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Buying a Horse, It isn't the Color of the HorseBy Tracy PorterHow to select a horse by Tracy Porter

Buying a horse is the easiest part of the process;  if it doesn’t meet your needs, selling it is the hardest part.  Nothing is worse than waiting an eternity… finally fulfilling your dream of owning a horse and ending up disappointed.  It doesn’t matter how much knowledge you have or don’t have… it is still your responsibility to be informed.
You are the buyer…caveat emptor!

Many good horses are passed up because of people’s inability to make a decision based on what would be the ‘best horse under them’, not their  ‘appearance up on the horse’.   It’s not the color of the horse that is important!   Appearance, yes if one is considering conformation.   Remember that horse in the plain brown wrapper might be the one you’re overlooking. 

How about this ad I ran across?
  If any members of your club has a SMOOTH GAITED horse, any  breed, color – anything but a lot of white, no sorrels or bay.

 A great match is a horse with these ingredients: training, soundness and looks.  If you have all the ingredients and the color, too, GREAT!  But don’t make a decision based solely on the color, breed or sex of a horse.  That’s like buying your dream car - a great body, but the engine doesn’t run.

How does one begin to look for a horse?

Make a check list.

  • Find a good vet before you start to look.
  • Find an honest, knowledgeable horseperson; perhaps one that does not have a horse to sell.  Or one that values his/her reputation and the future welfare of his/her horse.
  • Size: How large or small do you really need your horse to be?  It might sound cool to have a 15h horse…but can you mount without a mounting block?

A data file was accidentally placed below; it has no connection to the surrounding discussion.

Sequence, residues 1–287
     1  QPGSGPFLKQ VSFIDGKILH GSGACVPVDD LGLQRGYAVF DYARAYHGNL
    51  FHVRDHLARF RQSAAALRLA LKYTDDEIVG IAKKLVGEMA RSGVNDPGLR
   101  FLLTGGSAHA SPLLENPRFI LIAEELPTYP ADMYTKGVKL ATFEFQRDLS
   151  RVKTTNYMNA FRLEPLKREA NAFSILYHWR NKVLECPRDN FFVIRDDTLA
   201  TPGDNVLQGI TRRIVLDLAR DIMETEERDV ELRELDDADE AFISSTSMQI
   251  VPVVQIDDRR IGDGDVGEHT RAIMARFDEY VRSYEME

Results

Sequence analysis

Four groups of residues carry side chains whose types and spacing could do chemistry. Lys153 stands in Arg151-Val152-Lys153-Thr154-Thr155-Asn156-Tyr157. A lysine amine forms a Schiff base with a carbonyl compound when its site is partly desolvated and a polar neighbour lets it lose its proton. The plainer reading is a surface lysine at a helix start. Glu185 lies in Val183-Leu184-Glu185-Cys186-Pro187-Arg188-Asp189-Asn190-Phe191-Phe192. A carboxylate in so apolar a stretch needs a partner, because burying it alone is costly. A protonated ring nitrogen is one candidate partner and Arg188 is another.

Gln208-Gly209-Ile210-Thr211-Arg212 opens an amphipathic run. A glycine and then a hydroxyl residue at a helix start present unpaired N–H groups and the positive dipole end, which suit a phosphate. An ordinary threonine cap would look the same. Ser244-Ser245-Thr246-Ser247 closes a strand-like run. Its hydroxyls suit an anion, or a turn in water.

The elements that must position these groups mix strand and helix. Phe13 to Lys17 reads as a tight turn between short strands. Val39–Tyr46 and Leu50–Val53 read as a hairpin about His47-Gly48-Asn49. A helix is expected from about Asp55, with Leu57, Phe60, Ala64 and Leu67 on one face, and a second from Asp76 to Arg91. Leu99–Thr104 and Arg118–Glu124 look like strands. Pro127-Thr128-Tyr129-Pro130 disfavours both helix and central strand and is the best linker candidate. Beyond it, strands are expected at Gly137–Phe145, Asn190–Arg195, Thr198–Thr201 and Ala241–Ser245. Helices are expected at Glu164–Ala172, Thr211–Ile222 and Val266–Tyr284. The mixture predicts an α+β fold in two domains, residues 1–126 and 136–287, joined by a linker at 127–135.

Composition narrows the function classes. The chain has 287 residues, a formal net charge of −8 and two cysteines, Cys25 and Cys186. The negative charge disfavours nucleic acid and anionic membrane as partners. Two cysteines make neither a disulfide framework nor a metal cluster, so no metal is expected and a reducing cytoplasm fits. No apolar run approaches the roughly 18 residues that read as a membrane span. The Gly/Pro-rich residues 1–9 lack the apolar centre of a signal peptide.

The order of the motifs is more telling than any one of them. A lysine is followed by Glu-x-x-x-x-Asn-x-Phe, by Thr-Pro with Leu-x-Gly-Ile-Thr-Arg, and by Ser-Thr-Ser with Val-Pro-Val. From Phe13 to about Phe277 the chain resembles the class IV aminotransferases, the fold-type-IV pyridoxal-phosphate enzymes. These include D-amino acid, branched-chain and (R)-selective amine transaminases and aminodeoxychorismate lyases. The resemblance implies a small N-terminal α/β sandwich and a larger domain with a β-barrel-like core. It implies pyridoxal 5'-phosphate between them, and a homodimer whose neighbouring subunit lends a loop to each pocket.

• What temperament and characteristics are you looking for in a horse?  What is important to you?
  • Do you have a breed preference? Gaited, trotting?
  • Write down your goals.  Why do you want a horse and what do you want to do with it?
  • Honestly evaluate your ability and past experience.
  • At what pace are you comfortable riding?  Slow, medium, fast?
  • Age.  When buying a horse for a child, when one adds the horse and rider’s age – it should be between 25-30.
  • Amount of experience/training.   A solid foundation is invaluable!  There are exceptions, but what is important is that regardless of the training and how well you click with it…learning never ends.  It is important to get and stay in a program with someone that will make you a better horseperson/rider.
  • Start your list with these major categories:  Soundness, Training and Looks.  The looks of the horse are the least important, but you do want a horse that pleases you.  Under these headings, make a sub list with the most important considerations on top and the least important at the bottom.  Under training, everything is important!  A new, first time horse owner should learn on a horse that has good ground and saddle manners rather than trying to learn/teach a green horse or one that needs to be retrained.  

Several years ago a parent stopped out wanting to buy horse for her child, a young horse so they could bond and grow up together… “If you want your child to grow up (i.e. live!) – Buy an older, well trained horse”.  Recently a lady stopped out looking for a place to board; although, she’d never ridden, she was planning to buy a green broke 2-year old (a very flashy paint).  I suggested this was probably not a good idea, her response was “but I’ve trained dogs”.    I really wanted to ask how many thousand pound dogs she’d trained!

Never shortchange training/learning… a bargain horse might not be a bargain.  There’s no such thing as a free ride.  Horses are expensive, high maintenance critters.  Whether it is the daily care or what you need to learn to keep him in peak training performance…even if it’s just trail riding .  With every ride you take, you’re training…be it positive or negative.  Yes, you must consider yourself a “trainer”.